Predictably, as soon as it started to feel like a job, I hated it. My retreat was again infiltrated. It got bad enough that the last few shows I played, could only be done by getting drunk beforehand and receiving a pep talk from my then girlfriend, now wife. I still marvel at her patience with all of it. She essentially ran away from home to be with me, yes we are cliche in every way possible, I then drop out of school to be in a band, and then decide that I’m leaving the band. She is now married to the poster child for failure, and is pregnant with our first child. She never said a word. She never complained, or asked how we would possibly support our new family. She showed up to every gig, encouraged me to practice when I didn’t want to, supported me financially, and all for what? So that I could quit the fucking band for no reason other than that I was now bored. I could conquer the whole fucking world, hand all of its riches right over to her, and I still wouldn’t feel like I’d repaid her for what she’s put up with. I don’t know if her staying with me proves that there’s a god, or proves that there isn’t.
So there I am. I’m 22, a failed cowboy, failed artist, failed musician, failed writer (brief stint as an english major), college dropout, mild alcoholic, showering on a weekly basis, changing clothes slightly less often, married to a beautiful girl, and with a daughter on the way. I am 100% a failure. So what changed? Why am I no longer a failure? Well, by the world’s standards, I think I still am. Never went back to college, although people mysteriously tell me that I should and never have a logical reason for this. I never played in another band, and didn’t play drums for at least 3 years after that (did pick up guitar though), and outside of painting with my daughter, art has all but left me. What happened was my daughter was born. Somewhere around her first birthday it dawned on me that I wasn’t my parent’s son anymore. I was a father and husband. If I didn’t pull my head out of my ass my daughter would be left to grow up like I did. Poor, a life of uncertainty, constant stress, being ridiculed. I wouldn’t let that happen. So what did I do? I found a company that could utilize what were, at the time, a seemingly useless set of skills and abilities and turn it into a more lucrative career than any I had pursued before.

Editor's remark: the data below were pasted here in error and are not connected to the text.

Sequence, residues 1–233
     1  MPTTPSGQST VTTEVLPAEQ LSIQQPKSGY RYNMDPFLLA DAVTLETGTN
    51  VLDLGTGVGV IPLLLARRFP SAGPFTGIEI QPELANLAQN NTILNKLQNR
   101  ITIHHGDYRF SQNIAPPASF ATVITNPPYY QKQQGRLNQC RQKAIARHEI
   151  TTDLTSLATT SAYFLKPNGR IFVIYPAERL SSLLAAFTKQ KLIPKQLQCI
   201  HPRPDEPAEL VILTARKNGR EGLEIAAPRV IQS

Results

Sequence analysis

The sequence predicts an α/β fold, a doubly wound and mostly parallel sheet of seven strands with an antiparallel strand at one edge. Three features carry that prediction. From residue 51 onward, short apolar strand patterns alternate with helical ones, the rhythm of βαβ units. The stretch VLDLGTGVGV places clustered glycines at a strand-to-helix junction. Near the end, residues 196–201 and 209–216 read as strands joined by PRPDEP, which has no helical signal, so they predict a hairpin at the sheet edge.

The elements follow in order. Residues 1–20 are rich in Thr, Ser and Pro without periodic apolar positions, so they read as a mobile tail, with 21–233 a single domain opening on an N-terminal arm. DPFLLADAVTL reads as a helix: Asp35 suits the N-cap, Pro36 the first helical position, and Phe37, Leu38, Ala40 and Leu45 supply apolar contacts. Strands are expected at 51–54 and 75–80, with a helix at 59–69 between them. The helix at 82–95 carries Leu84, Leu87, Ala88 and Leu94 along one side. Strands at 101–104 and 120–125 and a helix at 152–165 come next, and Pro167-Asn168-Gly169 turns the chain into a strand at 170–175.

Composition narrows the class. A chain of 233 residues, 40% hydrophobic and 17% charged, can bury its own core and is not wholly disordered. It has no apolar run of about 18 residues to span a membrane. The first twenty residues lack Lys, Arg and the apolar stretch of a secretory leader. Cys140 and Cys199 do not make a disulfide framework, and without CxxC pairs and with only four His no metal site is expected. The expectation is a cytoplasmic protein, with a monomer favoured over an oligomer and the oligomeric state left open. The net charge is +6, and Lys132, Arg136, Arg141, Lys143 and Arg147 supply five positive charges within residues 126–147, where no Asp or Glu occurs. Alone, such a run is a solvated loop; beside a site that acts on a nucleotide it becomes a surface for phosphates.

I’ve never sold a painting. I’ve never had commercial success in music, although one song made it on the radio and people genuinely seemed to enjoy what we did. I’ve never had my writing published (unless you count the little publish button in my sidebar of my blog). But I have made my wife cry with my songs. I’ve had my daughter actually request MY songs when we’re driving in the car. I’ve put my son to bed while playing the guitar. I’ve decorated our house with my paintings that no one will ever buy. I have raised a daughter that can make my heart feel like it’s about to burst. I’ve created a son that already has a look in his eyes like he can see right into me. I’ve somehow managed to make a woman happy that should never have ended up with an asshole like me.
Not once when I was growing up to I plan on measuring my success in these ways. Not once did I consider this life. I assumed I would lead a great life of notoriety and adoration, not the humble life of a suburban husband and father. I assumed that the masses would hear my music, and instead I play concerts on saturday nights to an adoring crowd of three while they dance around the living room to songs that could be described as anything but dance music. I now live the life that I never expected, and I can’t imagine it any other way.
Yours in failure,